Many credit unions and small lenders in Indiana and beyond are raising concerns about a proposed federal rule that would require lenders to collect and report a wide range of demographic, geographic and other data about applicants for small business loans. businesses.
The Consumer Financial Protection Bureau, which introduced the proposed rule in September, says the rule would create the nation’s first comprehensive database of small business credit applications. The CFPB says the database would both help regulators enforce fair lending laws and help identify needs and opportunities for small businesses.
But skeptics say the rule duplicates existing efforts while placing an undue burden on lenders, especially those who are small organizations themselves.
More than 2,100 entities submitted public comments on the CFPB’s proposed rule. Among them is Jean Wojtowicz, executive director of the Indiana Statewide Certified Development Corp, based in Indianapolis.
Wojtowicz called the proposed rule unnecessary, particularly because lenders who participate in Small Business Administration loan programs are already required to collect demographic information about borrowers.
“It would be a pretty significant additional lift in a way that doesn’t add any additional value,” Wojtowicz said.
The Indiana Statewide CDC partners with conventional banks to provide financing for small businesses through the SBA’s 504 loan program. Typically, half of the funding for each transaction comes from a bank, 40% from Wojtowicz’s organization and 10% from the borrower.
The Indiana CDC is one of approximately 300 community development corporations in the United States. Many of them, Wojtowicz said, have only a handful of employees.
Requiring these smaller organizations to comply with this rule, she said, would create additional work that could reduce the number of loans they are able to make. “It’s just an additional regulatory burden that will prevent them from lending more to small businesses.”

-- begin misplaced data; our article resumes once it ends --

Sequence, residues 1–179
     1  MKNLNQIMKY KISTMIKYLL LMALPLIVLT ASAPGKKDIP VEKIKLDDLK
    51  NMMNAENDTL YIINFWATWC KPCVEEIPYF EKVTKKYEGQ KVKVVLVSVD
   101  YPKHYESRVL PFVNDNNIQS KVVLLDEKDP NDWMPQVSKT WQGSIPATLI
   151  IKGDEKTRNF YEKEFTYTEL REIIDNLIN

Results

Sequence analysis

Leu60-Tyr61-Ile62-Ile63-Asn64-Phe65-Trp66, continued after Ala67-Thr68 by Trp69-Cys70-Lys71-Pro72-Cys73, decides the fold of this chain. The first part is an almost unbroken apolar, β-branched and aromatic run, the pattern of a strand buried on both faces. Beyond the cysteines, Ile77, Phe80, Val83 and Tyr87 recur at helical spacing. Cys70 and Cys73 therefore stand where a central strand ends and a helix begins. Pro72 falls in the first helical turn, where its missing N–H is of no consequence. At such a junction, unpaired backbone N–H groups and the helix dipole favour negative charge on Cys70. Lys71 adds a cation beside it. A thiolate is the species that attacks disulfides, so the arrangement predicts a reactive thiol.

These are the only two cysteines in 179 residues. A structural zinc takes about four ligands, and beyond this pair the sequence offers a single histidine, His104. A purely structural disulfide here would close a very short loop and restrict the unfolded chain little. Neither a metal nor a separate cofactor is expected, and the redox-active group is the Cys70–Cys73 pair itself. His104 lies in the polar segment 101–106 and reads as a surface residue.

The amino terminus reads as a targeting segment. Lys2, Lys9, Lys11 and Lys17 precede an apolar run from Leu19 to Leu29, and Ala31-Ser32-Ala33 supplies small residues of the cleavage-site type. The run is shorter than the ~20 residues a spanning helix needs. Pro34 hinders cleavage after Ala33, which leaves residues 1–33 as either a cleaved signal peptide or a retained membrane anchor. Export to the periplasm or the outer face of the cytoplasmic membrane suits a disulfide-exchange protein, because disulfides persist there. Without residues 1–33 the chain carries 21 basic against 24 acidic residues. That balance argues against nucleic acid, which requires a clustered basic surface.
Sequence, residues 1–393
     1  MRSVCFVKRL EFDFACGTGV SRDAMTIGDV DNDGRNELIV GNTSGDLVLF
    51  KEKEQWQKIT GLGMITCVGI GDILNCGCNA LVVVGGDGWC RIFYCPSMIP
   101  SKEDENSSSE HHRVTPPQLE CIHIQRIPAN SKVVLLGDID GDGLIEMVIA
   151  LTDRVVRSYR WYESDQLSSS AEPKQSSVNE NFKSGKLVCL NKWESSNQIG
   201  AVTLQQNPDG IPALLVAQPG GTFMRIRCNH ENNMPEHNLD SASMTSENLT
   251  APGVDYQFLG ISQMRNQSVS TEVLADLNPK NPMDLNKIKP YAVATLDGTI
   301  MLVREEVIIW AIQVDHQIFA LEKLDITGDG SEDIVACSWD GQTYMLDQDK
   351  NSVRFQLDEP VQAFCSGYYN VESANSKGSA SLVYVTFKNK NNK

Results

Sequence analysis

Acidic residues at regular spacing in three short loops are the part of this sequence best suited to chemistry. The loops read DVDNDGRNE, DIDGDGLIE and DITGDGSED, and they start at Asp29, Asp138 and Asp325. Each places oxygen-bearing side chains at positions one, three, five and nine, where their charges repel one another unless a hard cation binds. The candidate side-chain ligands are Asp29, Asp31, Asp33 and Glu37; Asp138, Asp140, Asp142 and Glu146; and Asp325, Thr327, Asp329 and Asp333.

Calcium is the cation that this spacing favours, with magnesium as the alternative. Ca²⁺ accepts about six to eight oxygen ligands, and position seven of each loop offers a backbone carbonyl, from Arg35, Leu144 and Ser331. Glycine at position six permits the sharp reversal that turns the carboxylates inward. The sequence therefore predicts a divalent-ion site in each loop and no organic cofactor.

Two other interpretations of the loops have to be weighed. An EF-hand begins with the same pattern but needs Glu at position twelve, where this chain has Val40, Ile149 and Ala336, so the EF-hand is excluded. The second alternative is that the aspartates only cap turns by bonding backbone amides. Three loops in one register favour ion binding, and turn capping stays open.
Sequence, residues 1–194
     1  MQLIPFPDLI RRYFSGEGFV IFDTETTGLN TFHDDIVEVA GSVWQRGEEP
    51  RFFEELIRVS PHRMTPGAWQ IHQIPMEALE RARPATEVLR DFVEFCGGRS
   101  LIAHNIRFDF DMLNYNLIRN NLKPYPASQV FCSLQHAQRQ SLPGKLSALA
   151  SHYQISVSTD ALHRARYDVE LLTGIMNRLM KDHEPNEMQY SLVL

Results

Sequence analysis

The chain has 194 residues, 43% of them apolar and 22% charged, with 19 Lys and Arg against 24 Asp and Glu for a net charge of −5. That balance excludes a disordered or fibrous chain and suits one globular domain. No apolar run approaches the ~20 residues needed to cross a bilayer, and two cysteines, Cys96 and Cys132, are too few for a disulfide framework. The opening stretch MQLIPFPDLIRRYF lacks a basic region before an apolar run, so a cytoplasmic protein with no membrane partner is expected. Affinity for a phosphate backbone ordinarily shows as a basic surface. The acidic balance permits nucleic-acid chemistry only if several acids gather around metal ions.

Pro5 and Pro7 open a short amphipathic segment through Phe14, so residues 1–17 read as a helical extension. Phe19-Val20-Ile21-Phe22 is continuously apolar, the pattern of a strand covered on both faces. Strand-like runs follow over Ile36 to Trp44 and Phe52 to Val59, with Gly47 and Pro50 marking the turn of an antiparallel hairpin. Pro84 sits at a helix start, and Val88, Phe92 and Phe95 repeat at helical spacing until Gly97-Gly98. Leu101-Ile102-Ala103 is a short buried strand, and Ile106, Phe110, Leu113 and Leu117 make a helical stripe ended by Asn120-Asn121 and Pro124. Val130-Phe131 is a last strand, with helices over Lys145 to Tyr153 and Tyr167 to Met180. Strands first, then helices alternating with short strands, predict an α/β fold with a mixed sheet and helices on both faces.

As proposed, the CFPB rule would require lenders to collect a dozen different data points from their small business credit applicants. This data would include whether the business is female or minority owned, where it is located, gross annual revenue of the business and actions taken on the application, among others.
Mike Murphy, vice president of business services at the Indianapolis-based Indiana Members Credit Union, said compliance with the proposed rule would require spending on training, software and reporting.
“We do not support additional regulatory requirements that only increase the cost of borrowing for our members and slow down the process,” Murphy told IBJ via email, adding that if the rule passes, the credit union will comply. .
Indiana Members Credit Union, one of the largest credit unions in the state, has $3 billion in assets and 32 full-service locations statewide. Murphy said small business loans make up about 25% of the credit union’s loan portfolio.
Indiana Credit Union League President John McKenzie, who submitted public comments on behalf of his organization, also said the rule would duplicate existing data collection activities and place an undue burden on lenders.